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Dextroamphetamine Side Effects You Should Know About

Dextroamphetamine Side Effects You Should Know About

Also known by brand names like Dexedrine Spansules, Dextrostat, Liquadd, and Dexedrine, dextroamphetamine is a prescription central nervous system (CNS) stimulant used to treat attention-deficit hyperactivity disorder (ADHD) and narcolepsy (sleep disorder.) Dexedrine helps people with ADHD by treating increasing attention and decreasing restlessness and impulsivity. While this medication is effective for many people with ADHD, there are always factors to consider when deciding whether or not to take a medication. With that said, here are some dextroamphetamine side effects you should know about.

How Does Dexedrine Work?

Like other stimulants – including Adderall and Ritalin – Dexedrine works by acting on the CNS to increase the number of neurotransmitters in the brain. As you can guess from the term “stimulant,” amphetamine/dextroamphetamine-based products like Dexedrine stimulate chemicals like dopamine and norepinephrine to improve mood, energy levels, attention, and motivation in people with ADHD.

Dexedrine tablets are also fast-acting, meaning that they kick in within half an hour, and effects usually last anywhere from 4 to 6 hours. For this reason, short-acting Dexedrine is usually taken several times a day, depending on the severity of the person’s symptoms.

Dexedrine Spansule, on the other hand, is extended-release, meaning that effects may take a bit longer to kick in but may last up to 12 hours. This means fewer doses throughout the day.

Short & Long-Term Dexedrine Side Effects

Dexedrine side effects can kick in as quickly as 30 minutes after the person takes their dose. Short-term dextroamphetamine side effects may include:

  • Restlessness
  • Difficulty sleeping or insomnia
  • Headaches
  • Reduced appetite
  • Anxiety
  • Blurred vision
  • High blood pressure
  • Increased heart rate
  • Chest pain
  • Dry mouth
  • Nervousness
  • Agitation

Dexedrine effects can be more severe depending on how much of the drug the person takes. In cases when dextroamphetamine is abused, an individual may take up to double the normally prescribed dose or more to experience a high.

Additionally, in cases of abuse or chronic use, serious long-term dextroamphetamine side effects may include:

  • Tolerance
  • Dependence
  • Hallucinations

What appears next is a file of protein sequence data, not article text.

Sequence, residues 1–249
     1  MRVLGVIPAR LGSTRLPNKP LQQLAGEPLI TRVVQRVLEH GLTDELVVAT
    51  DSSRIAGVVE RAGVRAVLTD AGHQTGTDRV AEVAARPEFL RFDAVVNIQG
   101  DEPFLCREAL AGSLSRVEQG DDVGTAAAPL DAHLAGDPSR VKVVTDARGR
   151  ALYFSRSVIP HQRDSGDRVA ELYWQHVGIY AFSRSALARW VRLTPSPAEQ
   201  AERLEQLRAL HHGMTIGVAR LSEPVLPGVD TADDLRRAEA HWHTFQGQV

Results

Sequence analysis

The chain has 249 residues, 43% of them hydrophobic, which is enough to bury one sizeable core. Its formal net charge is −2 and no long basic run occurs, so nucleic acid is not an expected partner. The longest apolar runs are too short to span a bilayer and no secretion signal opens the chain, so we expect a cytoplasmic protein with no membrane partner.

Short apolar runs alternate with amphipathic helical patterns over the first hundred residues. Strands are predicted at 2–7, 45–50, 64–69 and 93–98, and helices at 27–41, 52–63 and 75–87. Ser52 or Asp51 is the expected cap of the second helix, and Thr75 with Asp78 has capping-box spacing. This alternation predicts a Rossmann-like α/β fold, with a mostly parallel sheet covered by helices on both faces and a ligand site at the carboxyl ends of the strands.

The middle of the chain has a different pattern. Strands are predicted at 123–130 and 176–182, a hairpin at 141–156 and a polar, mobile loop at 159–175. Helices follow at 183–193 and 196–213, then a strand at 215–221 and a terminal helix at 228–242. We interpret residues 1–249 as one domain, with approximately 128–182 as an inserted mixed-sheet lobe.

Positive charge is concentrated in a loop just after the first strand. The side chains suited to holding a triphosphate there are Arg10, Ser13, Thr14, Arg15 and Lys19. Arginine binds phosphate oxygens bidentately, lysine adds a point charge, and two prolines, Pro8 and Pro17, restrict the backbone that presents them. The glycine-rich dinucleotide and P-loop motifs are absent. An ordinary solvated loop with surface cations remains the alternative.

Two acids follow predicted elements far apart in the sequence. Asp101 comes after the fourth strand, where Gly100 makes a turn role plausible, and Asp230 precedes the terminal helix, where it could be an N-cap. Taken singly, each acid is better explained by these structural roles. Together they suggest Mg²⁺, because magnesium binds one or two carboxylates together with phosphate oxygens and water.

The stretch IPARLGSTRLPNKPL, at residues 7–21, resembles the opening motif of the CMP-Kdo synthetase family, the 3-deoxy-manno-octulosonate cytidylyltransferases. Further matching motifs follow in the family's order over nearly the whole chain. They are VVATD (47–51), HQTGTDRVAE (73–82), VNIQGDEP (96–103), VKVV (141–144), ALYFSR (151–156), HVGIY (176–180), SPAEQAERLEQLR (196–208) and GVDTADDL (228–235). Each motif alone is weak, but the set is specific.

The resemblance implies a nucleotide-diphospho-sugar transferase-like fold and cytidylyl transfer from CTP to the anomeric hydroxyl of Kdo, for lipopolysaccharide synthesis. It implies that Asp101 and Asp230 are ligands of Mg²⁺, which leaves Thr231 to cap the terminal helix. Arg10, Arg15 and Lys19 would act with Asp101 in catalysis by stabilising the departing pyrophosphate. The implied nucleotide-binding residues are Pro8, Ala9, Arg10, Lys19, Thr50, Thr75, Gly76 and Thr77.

• Delusional thoughts
  • Anxiety
  • Depression
  • Seizures
  • Heart problems
  • Circulatory problems
  • Seizures
  • Blurred vision
  • Twitching
  • Amphetamine-induced psychosis
  • Nausea and/or vomiting
  • Dizziness
  • Difficulty thinking clearly
  • Manic behavior
  • Aggressive behavior

Severe long-term side effects of dextroamphetamine are less likely to occur in people who take the medication as directed by their prescribing doctors. Unfortunately, stimulants like ADHD medications have become a growing source of drug abuse.

Is Dexedrine Addictive?

Dextroamphetamine (Dexedrine) is addictive, meaning that long-term abuse can lead to a substance use disorder. Dexedrine addiction is characterized by an uncontrollable urge to use the drug.

Stimulant addiction has become a common problem in the U.S., especially among college students and people working high-stress jobs. These individuals may abuse stimulants like Dexedrine to improve their performance at school or work, all the while possibly contributing to chronic disease.

Many people who become addicted to prescription drugs also turn to illegal alternatives – such as opioids to heroin or Ritalin to cocaine – for a cheaper but just as effective high. In most cases, illegal drugs produce more intense problems in the individual’s health and life.

Early detection of Dexedrine addiction increases the individual’s chances of long-term recovery. Common dextroamphetamine addiction signs include:

  • Using more Dexedrine than prescribed
  • Using Dexedrine without a prescription
  • Mood swings
  • Social withdrawal
  • Doctor shopping
  • Neglect of significant roles at home, school, or work
  • Repeated attempts to control Dexedrine use or quit
  • Depression
  • Anxiety
  • Cravings for Dexedrine
  • Lying to or stealing from loved ones to get more of the drug

Dexedrine Addiction Treatment

Many people start using Dexedrine because they believe it’s quick to enhance their performance at school or work. Many don’t understand the drug’s risk of addiction until they’re struggling to stop using it on their own.

If you’re addicted to dextroamphetamine, you’re not alone. Help is available at our California detox center in various forms. In addition to medical detox, our Palm Springs rehab also offers inpatient and partial hospitalization treatment for people in different stages of recovery.


If you or someone you care about is struggling with drug or alcohol abuse, don’t wait until it’s too late to reach out for support. Call Banyan Treatment Centers Palm Springs today at 888-280-4763 to learn more about our Southern California rehab programs.


Related Reading:

Dextroamphetamine vs. Adderall

Is Adderall a Narcotic?

Alyssa, Director of Digital Marketing
Alyssa, Director of Digital Marketing
Alyssa is the National Director of Digital Marketing and is responsible for a multitude of integrated campaigns and events in the behavioral health and addictions field. All articles have been written by Alyssa and medically reviewed by our Chief Medical Officer, Dr. Darrin Mangiacarne.
Dextroamphetamine Side Effects You Should Know About
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